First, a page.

Is It Ever Too Late To Help An Addicted Loved One?

July 22nd, 2015 | By Brittany Meadows | Posted in Addiction Recovery, Addiction Treatment, Alcohol Addiction, Blog, Drug Abuse Prevention, Drug Addiction, Enabling, Prescription Drug Addiction

We hear heartbreaking stories everyday at Addiction Campuses. Stories of addiction, overdoses, and legal consequences. Stories from mothers, fathers, friends and family members – desperately explaining how their loved one is no longer the person they once knew, because of heroin, prescription drugs, and alcohol. Many people find that they’ve lost hope; that their son or granddaughter, brother or friend is too far gone; that they cannot help the person struggling with the addiction.

Is It Ever Too Late To Help A Loved One With Addiction?

Your loved one may be serving time behind bars, isolating herself from family or friends, or in complete denial over his or her addiction, but it doesn’t mean that they are too far gone, or that it’s too late to help. Encouraging or seeking out help for a loved one suffering from drug addiction or alcoholism is important, regardless of how long your friend or family member has been using, how many substances they use, or any other circumstance.

Here’s Why:

1. It’s Not Too Late for the Individual

The person standing in front of you, the one with dark circles under his eyes and clothes now too big for his frail body is still your child, your brother, your friend. It doesn’t matter what lies he’s said, what wrongs he’s done, or the people he’s hurt along the way because of his addiction. Getting help and recovery is worth his sake. No matter what, he deserves a chance at sobriety and a chance at life.

If your loved one does become sober, and then relapses – it’s still worth it. In these types of situations, you must remember that addiction is a powerful disease that can trap people in it’s cycle without the proper help. It may not be easy to see right now, but there is another path for your loved one. Help them to see that active addiction isn’t their only way of life – let them know that there is always hope, regardless of whether it takes one, or multiple times in rehab. They are worth it.

 

2. It’s Not Too Late for Family and Friends

You’ve likely spent the better part of the past few years, living and breathing to get your loved one into rehab. You’ve begged and pleaded, argued and cried, bargained and ignored – only to beg, plead, argue and cry all over again. You’ve spent money, given money, and had money stolen. You never knew you could worry as much as you have. You’ve sacrificed sleep, friendships, relationships, perhaps even separated from your spouse over the stress of trying to save your loved one from addiction.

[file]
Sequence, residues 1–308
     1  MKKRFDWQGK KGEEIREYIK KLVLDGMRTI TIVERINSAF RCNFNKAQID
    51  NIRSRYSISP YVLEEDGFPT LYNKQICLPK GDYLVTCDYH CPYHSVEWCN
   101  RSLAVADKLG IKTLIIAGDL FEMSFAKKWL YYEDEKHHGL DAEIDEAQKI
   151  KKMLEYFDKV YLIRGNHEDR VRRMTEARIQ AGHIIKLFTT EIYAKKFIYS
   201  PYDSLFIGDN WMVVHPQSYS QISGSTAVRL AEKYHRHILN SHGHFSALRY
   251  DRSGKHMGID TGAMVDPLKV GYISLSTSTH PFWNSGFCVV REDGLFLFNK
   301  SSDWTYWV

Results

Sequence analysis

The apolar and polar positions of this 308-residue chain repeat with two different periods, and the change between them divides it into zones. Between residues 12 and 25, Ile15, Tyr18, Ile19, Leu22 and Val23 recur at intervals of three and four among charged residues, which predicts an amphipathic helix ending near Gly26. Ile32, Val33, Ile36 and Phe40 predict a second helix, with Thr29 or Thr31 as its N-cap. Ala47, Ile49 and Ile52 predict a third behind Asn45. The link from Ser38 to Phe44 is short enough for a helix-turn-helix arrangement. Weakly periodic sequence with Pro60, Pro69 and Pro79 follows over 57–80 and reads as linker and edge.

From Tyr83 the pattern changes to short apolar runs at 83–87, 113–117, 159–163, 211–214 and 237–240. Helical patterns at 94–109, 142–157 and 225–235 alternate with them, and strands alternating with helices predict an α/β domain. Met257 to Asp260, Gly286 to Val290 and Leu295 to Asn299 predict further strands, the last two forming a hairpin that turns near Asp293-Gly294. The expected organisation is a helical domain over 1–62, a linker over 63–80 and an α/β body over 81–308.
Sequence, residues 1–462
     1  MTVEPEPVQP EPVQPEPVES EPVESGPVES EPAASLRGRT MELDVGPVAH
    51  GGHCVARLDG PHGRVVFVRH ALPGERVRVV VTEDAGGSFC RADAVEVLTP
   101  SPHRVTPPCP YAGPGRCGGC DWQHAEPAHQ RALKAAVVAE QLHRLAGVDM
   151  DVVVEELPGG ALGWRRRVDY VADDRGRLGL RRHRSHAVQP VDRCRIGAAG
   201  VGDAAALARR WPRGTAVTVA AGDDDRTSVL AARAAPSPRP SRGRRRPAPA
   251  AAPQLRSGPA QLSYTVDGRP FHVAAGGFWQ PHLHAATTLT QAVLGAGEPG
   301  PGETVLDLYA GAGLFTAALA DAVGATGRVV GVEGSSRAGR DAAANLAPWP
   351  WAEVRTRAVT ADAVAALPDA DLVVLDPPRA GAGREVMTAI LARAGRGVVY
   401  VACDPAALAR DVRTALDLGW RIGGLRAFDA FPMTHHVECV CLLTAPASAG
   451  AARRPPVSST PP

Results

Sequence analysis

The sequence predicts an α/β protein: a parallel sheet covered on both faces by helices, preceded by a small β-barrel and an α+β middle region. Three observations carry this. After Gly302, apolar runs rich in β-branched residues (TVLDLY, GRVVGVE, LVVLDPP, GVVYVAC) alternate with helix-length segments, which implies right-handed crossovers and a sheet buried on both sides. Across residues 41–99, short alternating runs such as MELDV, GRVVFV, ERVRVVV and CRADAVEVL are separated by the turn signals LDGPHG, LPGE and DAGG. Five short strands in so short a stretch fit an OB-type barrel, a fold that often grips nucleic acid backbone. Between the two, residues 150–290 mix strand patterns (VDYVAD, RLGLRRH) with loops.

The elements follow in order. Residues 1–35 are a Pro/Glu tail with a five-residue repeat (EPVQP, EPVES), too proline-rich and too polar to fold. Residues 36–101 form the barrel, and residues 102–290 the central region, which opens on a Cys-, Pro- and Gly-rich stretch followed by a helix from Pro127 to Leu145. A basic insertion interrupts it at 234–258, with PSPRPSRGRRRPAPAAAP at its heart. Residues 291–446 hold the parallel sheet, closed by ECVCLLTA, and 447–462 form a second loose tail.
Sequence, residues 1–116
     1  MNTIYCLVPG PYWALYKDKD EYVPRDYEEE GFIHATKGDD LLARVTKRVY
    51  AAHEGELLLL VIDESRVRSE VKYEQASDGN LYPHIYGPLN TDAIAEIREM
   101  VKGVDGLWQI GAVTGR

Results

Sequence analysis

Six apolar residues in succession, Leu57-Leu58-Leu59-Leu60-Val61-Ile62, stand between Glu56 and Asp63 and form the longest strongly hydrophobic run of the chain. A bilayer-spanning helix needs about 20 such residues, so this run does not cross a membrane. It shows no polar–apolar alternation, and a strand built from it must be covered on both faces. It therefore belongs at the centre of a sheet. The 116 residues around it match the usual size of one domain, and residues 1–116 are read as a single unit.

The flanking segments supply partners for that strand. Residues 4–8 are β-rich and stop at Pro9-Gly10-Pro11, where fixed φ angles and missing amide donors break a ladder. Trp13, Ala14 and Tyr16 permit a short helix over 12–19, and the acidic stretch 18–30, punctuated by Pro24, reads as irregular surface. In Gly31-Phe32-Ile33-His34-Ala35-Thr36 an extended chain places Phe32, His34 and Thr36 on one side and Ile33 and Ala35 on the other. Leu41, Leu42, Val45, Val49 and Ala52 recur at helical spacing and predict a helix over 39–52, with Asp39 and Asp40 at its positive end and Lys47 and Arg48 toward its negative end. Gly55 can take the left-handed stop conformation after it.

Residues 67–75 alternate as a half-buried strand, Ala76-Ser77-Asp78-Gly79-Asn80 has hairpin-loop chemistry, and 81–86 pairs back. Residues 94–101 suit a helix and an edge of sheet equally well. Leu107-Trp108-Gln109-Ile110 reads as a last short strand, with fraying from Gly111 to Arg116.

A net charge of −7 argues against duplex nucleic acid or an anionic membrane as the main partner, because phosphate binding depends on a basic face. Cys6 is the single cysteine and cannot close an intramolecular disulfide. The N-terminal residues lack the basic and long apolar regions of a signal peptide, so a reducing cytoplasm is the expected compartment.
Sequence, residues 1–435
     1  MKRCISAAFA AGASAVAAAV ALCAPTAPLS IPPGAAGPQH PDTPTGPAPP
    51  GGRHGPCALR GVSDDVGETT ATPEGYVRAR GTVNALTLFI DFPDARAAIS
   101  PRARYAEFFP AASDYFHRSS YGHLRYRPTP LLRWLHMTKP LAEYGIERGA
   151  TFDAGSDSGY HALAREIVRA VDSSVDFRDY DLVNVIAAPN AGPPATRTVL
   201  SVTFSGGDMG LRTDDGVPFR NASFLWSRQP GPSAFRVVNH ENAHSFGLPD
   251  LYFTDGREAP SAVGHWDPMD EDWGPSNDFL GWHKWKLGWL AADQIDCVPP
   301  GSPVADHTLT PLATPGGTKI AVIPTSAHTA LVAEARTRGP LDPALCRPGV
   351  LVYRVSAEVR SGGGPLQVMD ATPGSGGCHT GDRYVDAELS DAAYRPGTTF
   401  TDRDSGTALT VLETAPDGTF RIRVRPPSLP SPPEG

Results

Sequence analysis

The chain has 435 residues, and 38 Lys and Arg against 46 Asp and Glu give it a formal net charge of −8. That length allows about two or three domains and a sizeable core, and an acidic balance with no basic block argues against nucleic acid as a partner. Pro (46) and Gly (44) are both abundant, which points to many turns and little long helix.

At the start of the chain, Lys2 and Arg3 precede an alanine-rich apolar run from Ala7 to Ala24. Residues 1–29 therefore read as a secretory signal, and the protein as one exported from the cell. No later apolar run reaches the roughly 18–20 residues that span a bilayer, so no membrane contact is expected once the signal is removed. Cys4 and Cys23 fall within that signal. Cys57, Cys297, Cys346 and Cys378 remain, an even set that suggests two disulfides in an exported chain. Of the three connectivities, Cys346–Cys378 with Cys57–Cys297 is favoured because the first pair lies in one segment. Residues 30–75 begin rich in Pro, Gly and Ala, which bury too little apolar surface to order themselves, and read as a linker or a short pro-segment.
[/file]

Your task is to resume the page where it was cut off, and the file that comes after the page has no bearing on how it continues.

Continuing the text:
Addiction is a family disease, and getting help for your loved one – and your whole family, for that matter – is worth it. Because of the financial, physical, mental, emotional and spiritual problems that have shaken out from this disease and spread amongst your family, there is a lot of suffering. But the right help can bring healing for everyone. Your family is worth it.

 

3. It’s Not Too Late for Others

If you can, imagine your loved one healthy – living a life free of drugs and alcohol. Imagine you and your family’s lives at peace, knowing that your loved one is working hard in their recovery. Now, think about your loved one helping others find hope and healing in sobriety. Once your addicted loved one establishes his own journey in recovery, he or she will eventually be able to help others who are in active addiction.

While this may seem impossible or far fetched right now, once he or she gets treatment and is sober, they will positively change for the better – and like many before them, will want to help other people make that change as well. Your loved one could be the reason someone else gets into rehab, and begins their own path to recovery. Helping others is worth it.

While all of these things point to the direction that it is never too late to help an addicted loved one – we do want to stress that addiction is a progressive disease. Without help, it can and will be a terminal illness. The only time it will be too late, is if you let addiction take the final blow.

But right now, as you read this – there is still time. It doesn’t matter how old they are, how long they’ve been using, or how much time has already gone by. Our final answer is to maintain hope and to continue encouraging your loved one to seek help. There’s time to help your loved one, because they’re worth it – you and your family are worth it – and others are worth it, too.

Don’t let others tell you it’s too late; research has shown that it is never too late to get help with addiction.